Secular Sacredness: Applying Buber and Marcel to Psychotherapy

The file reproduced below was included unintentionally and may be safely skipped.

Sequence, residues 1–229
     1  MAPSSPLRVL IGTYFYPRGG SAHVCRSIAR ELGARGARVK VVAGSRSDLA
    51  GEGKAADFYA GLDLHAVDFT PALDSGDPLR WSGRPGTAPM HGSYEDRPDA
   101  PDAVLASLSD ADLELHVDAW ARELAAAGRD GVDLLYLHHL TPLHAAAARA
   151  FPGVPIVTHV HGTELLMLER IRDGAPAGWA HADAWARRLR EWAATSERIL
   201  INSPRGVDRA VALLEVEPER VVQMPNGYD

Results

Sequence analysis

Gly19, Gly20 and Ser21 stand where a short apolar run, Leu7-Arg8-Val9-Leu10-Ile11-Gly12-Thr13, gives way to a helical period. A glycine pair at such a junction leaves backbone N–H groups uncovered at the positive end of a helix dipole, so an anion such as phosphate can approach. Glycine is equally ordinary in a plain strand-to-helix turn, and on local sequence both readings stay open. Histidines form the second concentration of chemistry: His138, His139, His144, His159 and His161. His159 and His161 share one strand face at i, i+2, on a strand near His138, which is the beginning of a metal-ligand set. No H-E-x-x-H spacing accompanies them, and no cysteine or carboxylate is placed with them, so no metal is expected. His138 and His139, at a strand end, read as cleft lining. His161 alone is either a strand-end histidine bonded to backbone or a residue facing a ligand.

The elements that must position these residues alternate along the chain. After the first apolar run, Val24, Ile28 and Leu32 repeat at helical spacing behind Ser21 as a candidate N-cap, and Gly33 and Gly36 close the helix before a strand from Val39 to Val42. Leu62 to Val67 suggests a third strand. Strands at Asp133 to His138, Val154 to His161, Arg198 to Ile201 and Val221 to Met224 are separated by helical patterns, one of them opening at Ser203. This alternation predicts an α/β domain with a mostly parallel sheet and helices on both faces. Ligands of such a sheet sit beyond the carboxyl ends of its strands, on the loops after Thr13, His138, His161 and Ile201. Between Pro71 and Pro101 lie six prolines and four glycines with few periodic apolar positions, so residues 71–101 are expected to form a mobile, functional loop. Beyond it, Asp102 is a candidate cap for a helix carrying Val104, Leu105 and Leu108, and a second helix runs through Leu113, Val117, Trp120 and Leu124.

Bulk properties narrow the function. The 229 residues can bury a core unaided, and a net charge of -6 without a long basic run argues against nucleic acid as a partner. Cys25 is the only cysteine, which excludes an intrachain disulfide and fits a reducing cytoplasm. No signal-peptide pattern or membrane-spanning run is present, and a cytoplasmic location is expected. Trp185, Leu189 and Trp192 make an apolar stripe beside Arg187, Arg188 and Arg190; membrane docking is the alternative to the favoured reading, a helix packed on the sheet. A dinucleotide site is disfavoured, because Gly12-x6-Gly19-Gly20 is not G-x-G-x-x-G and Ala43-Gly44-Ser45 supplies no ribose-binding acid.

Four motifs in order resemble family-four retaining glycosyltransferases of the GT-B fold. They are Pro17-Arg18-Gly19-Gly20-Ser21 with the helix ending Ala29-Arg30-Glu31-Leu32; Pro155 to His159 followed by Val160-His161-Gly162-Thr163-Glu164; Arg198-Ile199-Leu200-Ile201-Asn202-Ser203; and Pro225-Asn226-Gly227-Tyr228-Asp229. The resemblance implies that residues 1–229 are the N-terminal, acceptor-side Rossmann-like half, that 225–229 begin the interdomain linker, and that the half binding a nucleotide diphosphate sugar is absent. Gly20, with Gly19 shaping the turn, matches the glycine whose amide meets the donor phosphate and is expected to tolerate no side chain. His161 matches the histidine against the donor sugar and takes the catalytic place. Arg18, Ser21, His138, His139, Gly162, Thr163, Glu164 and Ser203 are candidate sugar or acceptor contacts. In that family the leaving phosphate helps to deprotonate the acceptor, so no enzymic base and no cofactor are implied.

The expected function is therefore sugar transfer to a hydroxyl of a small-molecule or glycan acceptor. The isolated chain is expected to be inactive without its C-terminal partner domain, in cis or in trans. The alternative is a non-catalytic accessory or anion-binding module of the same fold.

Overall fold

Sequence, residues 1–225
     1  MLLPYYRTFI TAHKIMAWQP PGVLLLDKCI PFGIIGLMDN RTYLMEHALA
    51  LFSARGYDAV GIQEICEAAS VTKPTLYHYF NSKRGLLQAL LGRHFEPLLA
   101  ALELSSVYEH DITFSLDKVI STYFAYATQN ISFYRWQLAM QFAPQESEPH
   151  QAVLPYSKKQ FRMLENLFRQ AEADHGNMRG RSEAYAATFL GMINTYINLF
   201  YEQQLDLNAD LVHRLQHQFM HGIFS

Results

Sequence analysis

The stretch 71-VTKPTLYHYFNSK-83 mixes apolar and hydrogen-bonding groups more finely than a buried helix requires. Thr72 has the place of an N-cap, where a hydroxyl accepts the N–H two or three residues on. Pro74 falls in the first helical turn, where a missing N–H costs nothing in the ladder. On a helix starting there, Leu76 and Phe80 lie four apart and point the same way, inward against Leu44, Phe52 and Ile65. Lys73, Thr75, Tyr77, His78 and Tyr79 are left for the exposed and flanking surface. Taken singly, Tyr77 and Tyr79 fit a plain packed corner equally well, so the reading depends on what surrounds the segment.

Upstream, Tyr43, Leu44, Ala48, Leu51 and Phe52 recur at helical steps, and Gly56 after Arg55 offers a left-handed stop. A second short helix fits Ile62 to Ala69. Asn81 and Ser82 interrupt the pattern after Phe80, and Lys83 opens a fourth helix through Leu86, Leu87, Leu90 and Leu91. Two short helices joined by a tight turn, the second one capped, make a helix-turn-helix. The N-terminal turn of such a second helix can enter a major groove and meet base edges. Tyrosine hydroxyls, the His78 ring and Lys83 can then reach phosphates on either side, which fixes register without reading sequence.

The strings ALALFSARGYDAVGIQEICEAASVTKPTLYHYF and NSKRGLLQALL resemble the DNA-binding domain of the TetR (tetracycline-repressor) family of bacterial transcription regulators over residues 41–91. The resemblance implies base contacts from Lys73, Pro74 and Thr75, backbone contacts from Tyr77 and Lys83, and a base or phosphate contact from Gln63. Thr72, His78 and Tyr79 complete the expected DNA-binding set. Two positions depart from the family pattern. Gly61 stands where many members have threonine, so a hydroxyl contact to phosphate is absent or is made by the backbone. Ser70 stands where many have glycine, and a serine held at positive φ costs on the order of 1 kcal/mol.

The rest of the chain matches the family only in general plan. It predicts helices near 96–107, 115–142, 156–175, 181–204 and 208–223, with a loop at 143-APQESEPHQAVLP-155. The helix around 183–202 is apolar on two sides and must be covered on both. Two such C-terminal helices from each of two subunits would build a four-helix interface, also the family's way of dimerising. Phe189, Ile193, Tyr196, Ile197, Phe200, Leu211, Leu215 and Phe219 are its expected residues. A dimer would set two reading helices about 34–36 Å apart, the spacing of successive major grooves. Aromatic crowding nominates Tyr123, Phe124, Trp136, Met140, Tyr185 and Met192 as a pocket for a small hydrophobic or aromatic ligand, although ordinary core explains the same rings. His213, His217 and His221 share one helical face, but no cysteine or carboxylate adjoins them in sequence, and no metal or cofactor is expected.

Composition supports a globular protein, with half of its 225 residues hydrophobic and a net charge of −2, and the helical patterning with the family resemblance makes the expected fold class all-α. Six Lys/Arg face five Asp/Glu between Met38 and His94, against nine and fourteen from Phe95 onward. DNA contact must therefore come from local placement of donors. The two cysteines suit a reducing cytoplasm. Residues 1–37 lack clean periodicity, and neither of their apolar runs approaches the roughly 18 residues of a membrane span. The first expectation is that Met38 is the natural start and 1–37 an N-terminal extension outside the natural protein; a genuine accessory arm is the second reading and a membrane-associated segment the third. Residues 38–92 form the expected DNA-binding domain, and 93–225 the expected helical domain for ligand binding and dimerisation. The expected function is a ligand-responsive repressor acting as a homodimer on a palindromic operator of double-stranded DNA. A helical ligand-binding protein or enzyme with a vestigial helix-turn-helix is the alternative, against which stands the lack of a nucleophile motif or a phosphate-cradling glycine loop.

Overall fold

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In this dissertation, I first examine the crisis in meaning facing modern society as articulated by Nietzsche and Kierkegaard, two seminal figures in the existentialist tradition. Though their assessment is heavily informed by the cultural paradigm of late Christendom in which they lived, I interpret their points of view as remaining profoundly significant to modern and post-modern subjects navigating reality in contemporary times. After this, I turn to the work of both the Christian existentialist Gabriel Marcel as well as the Jewish theologian Martin Buber to bring to light more subtle insights about human subjectivity implicit in the criticisms laid against modernity by Nietzsche and Kierkegaard. Although I am drawing heavily on the work of religious thinkers, I do so without affirming nor negating the belief in the existence of God. The ultimate aim of this paper is to advocate for an approach to psychotherapy which conceptualizes the psychotherapist’s office as an intentional space to rekindle a secularized form of sacredness, one which can help human agents cultivate and realize their innate capacity for self-transcendence and authentic psychological sovereignty within the fundamentally dehumanizing culture of modernity.